Every day she disappears into this room at the back of the house. I think she calls it a study. Sometimes I’m allowed in there too but only if I’m good. I was very good the other day and I helped my human mum shred some paper. I know she was pleased!

Every Saturday my human mum gets ready for something called Messy Church and we play a game where we search the house for things like tape or ribbon. I love this game! I find craft things and hide them around the house so we can play together! My human mum spends lots of time looking for the things I’ve hidden – I’m so good at this game!

I’m also really good at clearing up. Yesterday I helped by carrying two cups full of paint into the house from the garden. My human mum’s been teaching me ‘fetch’ so I knew she would be pleased! I only spilt a little bit.

I’m not always allowed to help. Yesterday my human mum and Alex were playing a game and they had squirty cream and it got everywhere. I really wanted to help clear that up but they wouldn’t let me. They wouldn’t let me help clear up the cake either, but I am so good at that!

On Sunday evenings I go for a walk and then at 9.00pm I have to hide upstairs with Alex. I’m not sure what my human mum does but me and Alex watch her talking on this little square screen. When Alex stops watching I’m allowed to go and find my human mum and I run downstairs as fast as possible and jump as high as I can to show her how much I have missed her.

I’m so pleased my human mum has learnt that her job is to be at home with me. If I can just teach her to leave the bag of dog treats where I can reach them life will be perfect!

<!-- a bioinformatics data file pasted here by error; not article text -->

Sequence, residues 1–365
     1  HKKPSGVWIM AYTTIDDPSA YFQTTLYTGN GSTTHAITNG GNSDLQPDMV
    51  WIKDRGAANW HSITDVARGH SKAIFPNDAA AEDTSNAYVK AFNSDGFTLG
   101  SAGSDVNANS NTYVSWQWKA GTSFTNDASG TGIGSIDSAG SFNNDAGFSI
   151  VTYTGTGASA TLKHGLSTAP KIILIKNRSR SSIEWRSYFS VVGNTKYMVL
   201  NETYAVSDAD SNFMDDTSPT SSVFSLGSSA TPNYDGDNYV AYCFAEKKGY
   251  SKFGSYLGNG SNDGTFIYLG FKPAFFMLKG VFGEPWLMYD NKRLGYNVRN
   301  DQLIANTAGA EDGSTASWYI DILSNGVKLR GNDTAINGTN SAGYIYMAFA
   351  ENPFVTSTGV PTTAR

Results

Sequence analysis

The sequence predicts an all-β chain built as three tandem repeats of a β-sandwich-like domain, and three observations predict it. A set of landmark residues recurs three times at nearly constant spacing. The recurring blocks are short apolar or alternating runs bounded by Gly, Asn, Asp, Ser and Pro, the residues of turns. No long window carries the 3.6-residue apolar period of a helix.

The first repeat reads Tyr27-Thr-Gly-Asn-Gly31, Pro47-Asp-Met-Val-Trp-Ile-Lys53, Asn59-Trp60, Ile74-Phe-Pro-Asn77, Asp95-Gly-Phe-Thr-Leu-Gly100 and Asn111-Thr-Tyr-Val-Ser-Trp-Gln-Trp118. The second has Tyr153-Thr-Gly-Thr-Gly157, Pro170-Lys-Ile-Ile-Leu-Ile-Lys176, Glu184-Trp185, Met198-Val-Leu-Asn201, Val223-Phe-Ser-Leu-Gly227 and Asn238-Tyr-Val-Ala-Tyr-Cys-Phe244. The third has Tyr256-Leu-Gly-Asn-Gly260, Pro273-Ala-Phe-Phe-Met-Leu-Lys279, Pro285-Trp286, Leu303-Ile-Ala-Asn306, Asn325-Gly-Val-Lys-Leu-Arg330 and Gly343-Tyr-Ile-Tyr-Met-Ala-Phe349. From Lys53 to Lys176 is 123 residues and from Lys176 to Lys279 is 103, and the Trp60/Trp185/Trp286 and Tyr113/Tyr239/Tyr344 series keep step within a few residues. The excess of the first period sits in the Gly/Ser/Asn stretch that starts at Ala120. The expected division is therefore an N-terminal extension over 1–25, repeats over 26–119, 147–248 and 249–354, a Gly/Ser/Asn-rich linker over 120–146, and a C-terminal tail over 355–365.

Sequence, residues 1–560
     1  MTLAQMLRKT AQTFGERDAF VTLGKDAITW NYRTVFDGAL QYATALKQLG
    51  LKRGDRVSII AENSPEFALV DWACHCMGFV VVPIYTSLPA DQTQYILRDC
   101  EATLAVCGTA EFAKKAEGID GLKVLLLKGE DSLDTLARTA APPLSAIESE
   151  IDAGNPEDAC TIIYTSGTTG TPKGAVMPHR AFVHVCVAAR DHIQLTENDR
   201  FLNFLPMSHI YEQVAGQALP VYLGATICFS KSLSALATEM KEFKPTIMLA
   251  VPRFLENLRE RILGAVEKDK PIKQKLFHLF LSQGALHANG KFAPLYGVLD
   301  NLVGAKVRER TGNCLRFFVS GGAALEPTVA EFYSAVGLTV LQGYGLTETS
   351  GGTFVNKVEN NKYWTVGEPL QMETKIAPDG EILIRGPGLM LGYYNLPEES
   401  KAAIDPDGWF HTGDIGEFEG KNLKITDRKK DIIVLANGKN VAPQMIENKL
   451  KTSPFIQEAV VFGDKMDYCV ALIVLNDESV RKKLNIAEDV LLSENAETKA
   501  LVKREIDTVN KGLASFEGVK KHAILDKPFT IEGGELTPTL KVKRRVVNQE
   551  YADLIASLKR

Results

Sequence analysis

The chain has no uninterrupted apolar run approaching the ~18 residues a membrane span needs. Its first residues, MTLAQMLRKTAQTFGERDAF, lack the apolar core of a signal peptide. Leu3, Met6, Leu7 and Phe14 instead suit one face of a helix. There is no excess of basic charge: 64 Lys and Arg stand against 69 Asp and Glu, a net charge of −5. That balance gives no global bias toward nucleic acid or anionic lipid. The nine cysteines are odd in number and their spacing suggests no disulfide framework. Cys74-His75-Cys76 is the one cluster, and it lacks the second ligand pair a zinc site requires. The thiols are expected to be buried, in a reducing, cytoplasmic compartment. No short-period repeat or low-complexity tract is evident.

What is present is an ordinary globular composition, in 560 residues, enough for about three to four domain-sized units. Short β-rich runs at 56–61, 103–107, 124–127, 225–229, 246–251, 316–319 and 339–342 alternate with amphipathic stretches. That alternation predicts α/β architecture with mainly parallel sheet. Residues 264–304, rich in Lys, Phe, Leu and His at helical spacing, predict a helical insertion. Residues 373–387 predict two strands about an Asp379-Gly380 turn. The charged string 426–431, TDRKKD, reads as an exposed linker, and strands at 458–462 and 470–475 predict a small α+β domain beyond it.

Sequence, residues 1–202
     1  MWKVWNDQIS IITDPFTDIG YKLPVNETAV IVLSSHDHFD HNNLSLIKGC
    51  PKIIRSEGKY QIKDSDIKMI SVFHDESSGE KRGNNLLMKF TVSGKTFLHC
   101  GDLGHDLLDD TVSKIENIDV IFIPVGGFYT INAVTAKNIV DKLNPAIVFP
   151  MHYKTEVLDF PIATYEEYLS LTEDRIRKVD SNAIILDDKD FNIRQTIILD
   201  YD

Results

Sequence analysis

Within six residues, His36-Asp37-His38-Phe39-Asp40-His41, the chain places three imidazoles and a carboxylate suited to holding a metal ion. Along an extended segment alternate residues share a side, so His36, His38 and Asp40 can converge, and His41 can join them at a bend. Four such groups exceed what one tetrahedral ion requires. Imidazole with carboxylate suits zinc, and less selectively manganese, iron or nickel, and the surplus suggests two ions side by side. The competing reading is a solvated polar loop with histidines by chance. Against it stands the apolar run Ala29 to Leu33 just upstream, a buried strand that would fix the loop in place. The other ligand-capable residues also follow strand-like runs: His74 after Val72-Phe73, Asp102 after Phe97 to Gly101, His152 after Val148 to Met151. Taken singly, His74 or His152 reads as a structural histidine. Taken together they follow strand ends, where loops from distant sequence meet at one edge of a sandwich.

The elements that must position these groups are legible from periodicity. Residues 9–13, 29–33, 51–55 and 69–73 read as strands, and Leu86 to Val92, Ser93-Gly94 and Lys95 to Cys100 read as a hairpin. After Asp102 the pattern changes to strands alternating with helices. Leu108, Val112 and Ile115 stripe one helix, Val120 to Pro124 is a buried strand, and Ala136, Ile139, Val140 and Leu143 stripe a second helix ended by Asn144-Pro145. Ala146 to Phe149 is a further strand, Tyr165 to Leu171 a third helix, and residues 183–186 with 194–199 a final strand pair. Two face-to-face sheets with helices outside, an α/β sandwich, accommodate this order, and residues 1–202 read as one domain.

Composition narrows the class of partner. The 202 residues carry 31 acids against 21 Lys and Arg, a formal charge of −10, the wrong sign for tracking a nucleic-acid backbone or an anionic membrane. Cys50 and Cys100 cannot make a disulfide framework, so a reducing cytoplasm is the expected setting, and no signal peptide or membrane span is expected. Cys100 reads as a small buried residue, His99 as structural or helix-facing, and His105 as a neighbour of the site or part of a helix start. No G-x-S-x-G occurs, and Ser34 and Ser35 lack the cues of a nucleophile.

Holly x

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Living life in Lycra Leggings

Every Church of England preacher loves a bit of alliteration; the gospel message using three headings all of the same letter.

However, this is how life in lockdown can be. Living life in Lycra Leggings

Having been used to wearing a uniform as a nurse and then a uniform of sorts as a priest, it becomes second nature to dress for the occasion

Many companies have Dress Down Friday where formal suits are set aside for an open necked shirt and chinos and women in casual trousers and top.

What I am finding is that it is easy to have a dress down Monday, Tuesday, Wednesday …. through to the whole week.

Leggings have become my best friend. Easy to wear and easy to wash. I have a whole wardrobe of suitable attire but I reach for my go to gear which would make Gok Wan keel over in horror.

Am I at the stage and age when cumfy is the watchword or is it just the convenience of not having to think about what to wear?

Is it just me bringing out the old faithfuls which no one will see and no one much cares?

Are we locked down in our closet where the oldest and most threadbare of clothing lives? Clothes that would be more suitable for digging or painting, but never to see the light of day in normal circumstances, are worn with brazen confidence in the sure knowledge that nobody knows…??

You may be reassured that clerical attire is worn when live streaming services and for funerals but the leggings still lurk in the wardrobe and as soon as I am invisible again they are back on. Old friends.

Elaine

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Taizé / Rogation / Compline

It seems quite a while ago since being in discussion about Taizé Services for 2020. The first, held on 16th February, was much enjoyed, but little did we realise then how much our worship was about to be affected. The remaining Taizé services were to be on Monday in Holy Week, Sunday 17th May and Sunday 11th October (Harvest). My diary, rather unusually in these more secular times, identifies each Sunday with its correct place in the liturgical calendar (and all other important feasts and Saints, days). From this I noticed that 17th May is Rogation Sunday, and thus related to the Harvest service we’d scheduled for later in the year, though it hadn’t been particularly planned that way.